If you are looking at a particular sermon and it is removed it is because it has been updated.

For example Year C 2010 is being replaced week by week with Year C 2013, and so on.

Friday, 23 February 2018

2nd Sunday of Lent Year B 2018

          2nd. Sunday of Lent (B)                      (Gen. 22: 1-2, 9-13, 15-18; Romans 8:31-34; Mark 9:2-10)


Our Blessed Lord’s Passion and Death was looming on the horizon and He had already seriously forewarned His disciples of it; but, as in so many other matters, they were not yet able to truly understand and fully appreciate His words.  When the time would come for Him to be taken away from them, Jesus realized that it would be a traumatic and potentially faith-shattering experience for them, His great concern was, therefore, that they should be so prepared that they might be able to endure the grief of losing Him and even draw spiritual profit from His own steadfast confidence in His Father and love for them throughout His Passion.  He could not spare them that trial, but He would not have them agonize themselves and lose faith in Him because of it.

How then did Jesus go about this preparation of His disciples?  Considering His later Agony in the Garden, there can be no doubt that He prayed most fervently to His heavenly Father about it.   Let us try to learn something of the efficacy of that prayer.

The bond between her Son here on earth and His heavenly Father was something that the Blessed Virgin Mary could not fully appreciate, something that once caused her to exclaim: ‘Son, why have You done this to Your father and I?’  On that occasion, instead of returning home from Jerusalem with the caravan, Jesus, after having become ‘officially’ a young man-before-God-and-for-God according to the Law, had remained there in the Temple at Jerusalem.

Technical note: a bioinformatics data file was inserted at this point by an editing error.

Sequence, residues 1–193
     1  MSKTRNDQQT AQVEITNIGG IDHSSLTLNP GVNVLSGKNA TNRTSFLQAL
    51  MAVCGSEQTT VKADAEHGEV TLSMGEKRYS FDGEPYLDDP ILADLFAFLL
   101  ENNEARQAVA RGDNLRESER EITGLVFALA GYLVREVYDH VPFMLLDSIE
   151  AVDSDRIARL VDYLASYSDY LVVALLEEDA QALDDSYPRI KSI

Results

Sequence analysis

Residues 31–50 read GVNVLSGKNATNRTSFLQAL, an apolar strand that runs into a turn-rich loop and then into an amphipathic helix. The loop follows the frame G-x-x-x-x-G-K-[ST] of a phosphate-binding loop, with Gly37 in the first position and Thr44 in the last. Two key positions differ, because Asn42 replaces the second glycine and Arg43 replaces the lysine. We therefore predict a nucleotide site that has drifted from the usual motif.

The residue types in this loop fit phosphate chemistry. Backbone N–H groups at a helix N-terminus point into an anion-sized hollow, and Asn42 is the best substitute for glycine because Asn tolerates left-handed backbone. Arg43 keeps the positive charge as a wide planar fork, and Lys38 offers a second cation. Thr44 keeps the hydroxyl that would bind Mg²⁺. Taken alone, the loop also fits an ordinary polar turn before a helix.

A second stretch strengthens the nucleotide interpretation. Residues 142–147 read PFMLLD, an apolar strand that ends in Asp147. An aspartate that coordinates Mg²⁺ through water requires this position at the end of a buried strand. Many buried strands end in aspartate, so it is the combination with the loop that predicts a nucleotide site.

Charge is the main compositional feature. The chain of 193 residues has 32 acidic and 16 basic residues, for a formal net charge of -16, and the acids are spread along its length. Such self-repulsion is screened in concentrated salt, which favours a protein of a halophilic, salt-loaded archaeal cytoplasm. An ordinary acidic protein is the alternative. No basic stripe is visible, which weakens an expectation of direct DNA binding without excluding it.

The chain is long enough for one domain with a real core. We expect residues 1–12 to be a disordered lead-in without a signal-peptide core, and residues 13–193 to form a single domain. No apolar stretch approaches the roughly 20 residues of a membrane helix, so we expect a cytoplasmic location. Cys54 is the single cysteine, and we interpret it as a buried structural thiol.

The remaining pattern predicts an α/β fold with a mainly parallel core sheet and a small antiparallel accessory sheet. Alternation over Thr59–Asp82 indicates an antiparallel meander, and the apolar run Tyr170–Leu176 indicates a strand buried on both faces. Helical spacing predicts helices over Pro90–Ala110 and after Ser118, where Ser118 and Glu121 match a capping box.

After three days they found Him in the temple, sitting in the midst of the teachers, both listening to them and asking them questions (Luke 2:46).

Jesus was delighting in His heavenly Father, as He spoke about Him with the doctors and teachers in the Temple.

Years later, as a fully-grown man He went to search out John the Baptist ‘at God’s work’ so to speak; this was at His Father’s secret calling as is confirmed by His Father’s voice from heaven, for He the Father alone knew when and how He wanted His Son to begin His public ministry.

And now here, the Father, in answer to Jesus’ supplication, had plans to comfort and confirm His Son by sending Moses and Elijah – representing the whole of God’s dispensation for the sanctification of Israel through the Law and the Prophets – to emphasize for Jesus that His coming Passion, Death, and Resurrection would be the culmination and fulfilment of all Israel’s hopes and of all His, God’s, salvation plans for His Chosen People and through them, subsequently, for the whole of mankind.  Moreover, Jesus’ chosen Apostles there on the Mount with Him would see and be brought to experience this glorification of their Lord as the fulfilment of Israel’s Law and Prophets, before God Himself would speak Personally from a heavenly Cloud giving testimony to His beloved and supremely obedient Son. 

That those plans and intentions of God were fulfilled is shown subsequently by Jesus own words and those also of His disciples labouring in His nascent Church:

Then beginning with Moses and all the Prophets, (the risen Jesus) interpreted to them (two of His followers going to Emmaus) what referred to Him in all the Scriptures. (Luke 24:27).